Georgia-Cumberland Conference of Seventh-day Adventists

Meatless Monday Cooking Class a Success

Kerri Boone leads out the Live Well Meatless Monday cooking class.
Kerri Boone and Adam White, a cooking class participant, demonstrate making gluten.

In January, Live Well, based in Jellico, Tenn., sponsored a Meatless Monday cooking class at the LaFollette Church in Woodson's Mall. About 25 individuals attended, most of which were community members. The class was conducted by Kerri Boone and her assistants Bonnie Wilkens and Marsharee Wilkens. Participants got a great meal and had fun learning how to “take steps to a healthier you.” During the class, Boone demonstrated a variety of meatless dishes from breakfast to dessert that could be added to the monthly menu. Attendees were told, “Our bodies are wonderfully made by our loving Creator. He designed special natural foods for us to function properly. It's our choice whether we choose to eat them or not.” Each time the choice to go meatless for a meal or more is made, health improves and the cost on the environment decreases making it a win-win choice every time.

According to the National Cencer Institute, serious diseases that are linked to what we eat kill an estimated three out of four Americans each year. That's 75 percent. This cooking class was designed around healthy, plant-based foods that are rich in nutrients and full of fiber to help one feel better and live a healthier life. The purpose of this class was to encourge participants to choose those healthy foods created especially for them and to “eat to live.”

Abundant evidence shows that a vegetarian diet is more healthful than the average western American diet, especially for preventing, treating, or reversing heart disease and reducing the risks of cancer. Research has also shown that a low-fat vegetarian diet is the single most effective way to stop progression of coronary artery disease or prevent it altogether. Several other health conditions, such as diabetes, obesity, gallstones, and kidney stones, are also much less common in vegetarians.

The class was held as part of the Meatless Monday movement which is an international campaign that encourages people to not eat meat on Monday to improve their health and the health of the planet. Meatless Monday is a non-profit initiative of The Monday Campaigns, Inc. in association with the Johns Hopkins Bloomberg School of Public Health Center for a Livable Future. Meatless Monday was founded in 2003 by marketing professional Sid Lerner. The program follows the nutrition guidelines developed by the USDA. Meatless Monday is part of the Healthy Monday initiative.Healthy Monday encourages Americans to make healthier decisions at the start of every week. 

Meatless Monday focuses its initiative on Monday for multiple reasons. Monday is typically the beginning of the work week, the day when individuals settle back into their weekly routine. Unhealthy habits that prevailed over the weekend can be forgotten and replaced by positive choices. A weekly reminder to restart healthy habits also encourages success. A 2009 trial published in the American Journal of Preventative Medicine provided individuals with weekly health prompts and encouragement. Approximately two-thirds of participants responded with improvements in their overall health, eating habits, and physical activity levels.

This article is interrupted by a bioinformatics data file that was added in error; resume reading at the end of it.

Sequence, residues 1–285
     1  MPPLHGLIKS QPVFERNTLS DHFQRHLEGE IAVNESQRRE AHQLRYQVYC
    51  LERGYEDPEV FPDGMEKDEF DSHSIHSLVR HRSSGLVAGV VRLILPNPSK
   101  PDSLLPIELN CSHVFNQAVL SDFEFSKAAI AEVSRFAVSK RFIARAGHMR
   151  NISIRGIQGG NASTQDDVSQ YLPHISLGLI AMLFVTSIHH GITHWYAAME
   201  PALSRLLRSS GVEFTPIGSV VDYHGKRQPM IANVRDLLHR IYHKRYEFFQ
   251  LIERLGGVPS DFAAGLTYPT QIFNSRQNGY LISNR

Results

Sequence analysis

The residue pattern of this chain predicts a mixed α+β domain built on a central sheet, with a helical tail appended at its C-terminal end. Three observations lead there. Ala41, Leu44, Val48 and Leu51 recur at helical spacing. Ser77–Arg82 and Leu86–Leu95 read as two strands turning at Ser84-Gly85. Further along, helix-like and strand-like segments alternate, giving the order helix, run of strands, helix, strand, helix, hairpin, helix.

During World War I, the United States Food Administration (USFA) urged families to reduce consumption of key staples to help the war effort. Conserving food would support U.S. troops as well as feed populations in Europe where food production and distribution had been disrupted by war. To encourage voluntary rationing, the USFA created the slogan “Food Will Win the War” and coined the terms "Meatless Monday" and "Wheatless Wednesday” to remind Americans to reduce intake of those products.

Herbert Hoover was the head of the Food Administration as well as the American Relief Association during Woodrow Wilson's presidency and played a key role implementing the campaign, which was one of Hoover’s many attempts to encourage volunteerism and sacrifice among Americans during the war. The USFA provided a wide variety of materials in addition to advertising, including recipe books and menus found in magazines, newspapers, and government-sponsored pamphlets.

The campaign returned with the onset of World War II, calling upon women on the homefront to play a role in supporting the war effort. This time, meat was being rationed, along with other commodities like sugar and gasoline.

Meatless Monday was revived in 2003 as a public health awareness program. The campaign was endorsed by the Center for a Livable Future (a division of the Johns Hopkins Bloomberg School of Public Health) as well as more than 20 public health schools. In April 2009, Meatless Monday launched an informational video noting the effects of meat consumption on climate change. Meatless Monday is based in the United States, but meatless days (Monday in particular) are gaining popularity worldwide.

 


Written by Tawmi Grebe-Mitchell

Photos contributed